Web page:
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Program overview

A high standard multicultural program in Finance and Law

The Dual Master's degree program in International Finance and Law is a two-year full time Master's Program. Spanning a wide range of disciplines, this program offers core courses in management, finance and law. 

The curriculum blends financial and legal expertise and professional skills courses. It is designed to offer advanced education in the area of financial law and to give students the opportunity to develop a top-level career in the private, public or non-profit sectors. 

All students will spend their first year at Sciences Po, and their second year at Penn Law. After two years of study, and provided credits have been completed in both institutions, students will receive Master's degrees from both Sciences Po (Master's in Finance and Strategy or Master's in Economics and Business) and Penn Law (LL.M.). 

The faculty involved in this program is comprised of internationally renowned academics and practitioners. By joining both the Penn Law and Sciences Po communities, dual degree students will be able to benefit from the exceptionally stimulating intellectual environment of both institutions during the duration of the program, and as alumni to extend their networks and opportunities to both sides of the Atlantic.

Students participating in the program will have access at both Sciences Po and at the University of Pennsylvania to all facilities normally offered to students, such as libraries, computer network, career services, sports facilities, and student associations and cultural life.

Year 1 at Sciences Po

Students who are jointly admitted will spend their first year of study at Sciences Po either in the Master Finance et Stratégie (French taught) or in the Master Economics and Business (English taught) :

  • Master Finance et Stratégie, International Business (French taught program)
  • Master Economics and Business (English taught program)

A specific concentration can appear on the Master's degree at Sciences Po according to the courses completed at Penn Law.

Year 2 at Penn Law

Students will spend their last year of study at the University of Pennsylvania Law School in the Master of Laws, following the LLM program curriculum.  Students have the possibility of obtaining a Wharton Business and Law Certificate (WBLC) at the Wharton School in its Wharton Program for Working professionals if they fulfil the Program's TOEFL and work experience requirements. In any case, all students can take one course at any school within the University of Pennsylvania, including Wharton.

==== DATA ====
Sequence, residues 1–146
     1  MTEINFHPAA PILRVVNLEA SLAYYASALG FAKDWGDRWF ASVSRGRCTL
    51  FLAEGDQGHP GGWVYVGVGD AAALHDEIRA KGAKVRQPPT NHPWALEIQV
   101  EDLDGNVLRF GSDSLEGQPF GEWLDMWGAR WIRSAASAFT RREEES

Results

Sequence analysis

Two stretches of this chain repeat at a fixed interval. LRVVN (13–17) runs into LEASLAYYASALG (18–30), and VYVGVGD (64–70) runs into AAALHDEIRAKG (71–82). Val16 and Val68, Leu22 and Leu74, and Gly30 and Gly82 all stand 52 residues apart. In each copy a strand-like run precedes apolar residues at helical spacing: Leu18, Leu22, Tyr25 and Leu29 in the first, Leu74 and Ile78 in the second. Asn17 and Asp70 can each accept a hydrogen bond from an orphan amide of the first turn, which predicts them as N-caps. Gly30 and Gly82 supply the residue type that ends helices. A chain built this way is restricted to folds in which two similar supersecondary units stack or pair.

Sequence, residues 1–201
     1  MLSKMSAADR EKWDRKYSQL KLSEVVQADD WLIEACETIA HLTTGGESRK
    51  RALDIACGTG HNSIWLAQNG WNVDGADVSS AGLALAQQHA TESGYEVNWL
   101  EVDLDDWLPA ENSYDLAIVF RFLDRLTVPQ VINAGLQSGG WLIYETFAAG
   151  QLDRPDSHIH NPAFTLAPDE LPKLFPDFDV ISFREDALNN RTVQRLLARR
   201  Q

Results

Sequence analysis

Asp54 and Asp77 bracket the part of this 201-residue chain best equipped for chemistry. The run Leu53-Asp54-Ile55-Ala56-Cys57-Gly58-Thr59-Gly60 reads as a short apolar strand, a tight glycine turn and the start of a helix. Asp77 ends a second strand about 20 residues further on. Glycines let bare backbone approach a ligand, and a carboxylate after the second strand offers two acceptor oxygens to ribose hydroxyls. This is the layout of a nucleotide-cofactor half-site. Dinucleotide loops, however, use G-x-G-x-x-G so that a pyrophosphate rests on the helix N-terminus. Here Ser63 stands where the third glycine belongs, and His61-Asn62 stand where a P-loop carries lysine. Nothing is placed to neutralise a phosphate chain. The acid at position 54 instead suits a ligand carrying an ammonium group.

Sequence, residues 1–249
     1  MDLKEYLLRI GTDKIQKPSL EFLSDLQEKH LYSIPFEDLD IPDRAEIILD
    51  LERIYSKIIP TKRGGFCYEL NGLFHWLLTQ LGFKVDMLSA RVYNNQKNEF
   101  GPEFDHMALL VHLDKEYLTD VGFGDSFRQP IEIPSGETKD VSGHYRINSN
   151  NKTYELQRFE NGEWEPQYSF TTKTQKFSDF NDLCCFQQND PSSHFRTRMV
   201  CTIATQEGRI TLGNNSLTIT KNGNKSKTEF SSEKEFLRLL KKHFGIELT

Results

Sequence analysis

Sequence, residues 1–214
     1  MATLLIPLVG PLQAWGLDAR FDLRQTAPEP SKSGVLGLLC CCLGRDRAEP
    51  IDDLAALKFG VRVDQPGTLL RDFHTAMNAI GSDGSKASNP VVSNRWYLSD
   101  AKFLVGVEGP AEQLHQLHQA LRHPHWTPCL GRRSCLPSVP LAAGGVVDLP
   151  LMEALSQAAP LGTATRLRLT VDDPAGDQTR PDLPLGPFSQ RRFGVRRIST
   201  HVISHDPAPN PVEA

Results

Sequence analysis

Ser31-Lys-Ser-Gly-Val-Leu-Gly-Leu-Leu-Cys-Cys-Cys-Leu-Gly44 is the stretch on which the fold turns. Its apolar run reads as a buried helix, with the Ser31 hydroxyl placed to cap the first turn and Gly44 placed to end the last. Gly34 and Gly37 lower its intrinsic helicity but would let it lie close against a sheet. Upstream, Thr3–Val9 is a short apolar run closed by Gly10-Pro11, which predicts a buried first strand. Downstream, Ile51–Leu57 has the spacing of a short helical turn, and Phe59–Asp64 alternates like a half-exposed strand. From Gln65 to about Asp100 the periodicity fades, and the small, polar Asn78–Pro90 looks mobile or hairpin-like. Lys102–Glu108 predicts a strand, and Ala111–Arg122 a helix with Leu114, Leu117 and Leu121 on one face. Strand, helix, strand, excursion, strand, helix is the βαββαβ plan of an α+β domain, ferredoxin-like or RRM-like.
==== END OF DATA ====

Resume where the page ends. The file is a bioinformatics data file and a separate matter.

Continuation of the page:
Students select courses from an extensive curriculum of specialized courses and seminars at Penn Law. While Penn Law does not offer LLM degrees in specific fields of law, all LLM students may, however, design their own personal curriculum and, in doing so, may choose to focus on a particular topic or specialty including, but not limited to:

  • Commercial Law
  • Constitutional Law
  • Corporate Law
  • Criminal Law
  • Intellectual Property & the Internet
  • International Law
  • Public Interest/Human Rights
  • Securities and Banking
  • Trade Law

Curriculum

Students pursuing the Master of Laws, or LLM degree, are required to enrol full-time in the Summer Program prior to commencing their studies in the following fall and spring semesters. The Summer Program has a set curriculum and begins on the first Friday in August and runs for five weeks. During the spring and fall semesters LLM students take courses and seminars shoulder to shoulder with students enrolled in Penn Law's JD program (the three year degree traditionally obtained to practice law in the United States).  

Students have two options to fulfil the LLM degree requirements: they may elect to complete either 20 credit hours plus a writing project, or 23 credit hours of course work.  The writing requirement is a substantial (minimum 25 pages) piece of original research written under the supervision of a faculty member. Most classes at Penn Law are either 3 or 4 credit hours.

LLM students typically enrol in three to four courses or seminars each semester. Those choosing the writing requirement typically do so as part of a seminar in which the student is enrolled, but it may also be undertaken through an independent study with a faculty member. The parameters of the paper are determined in consultation with the faculty member involved but, in general, these projects are in depth research papers on a topic of the student's choice.

For more information on Penn Law's LLM Program, see :
www.law.upenn.edu/prospective/grad/coursestudy.html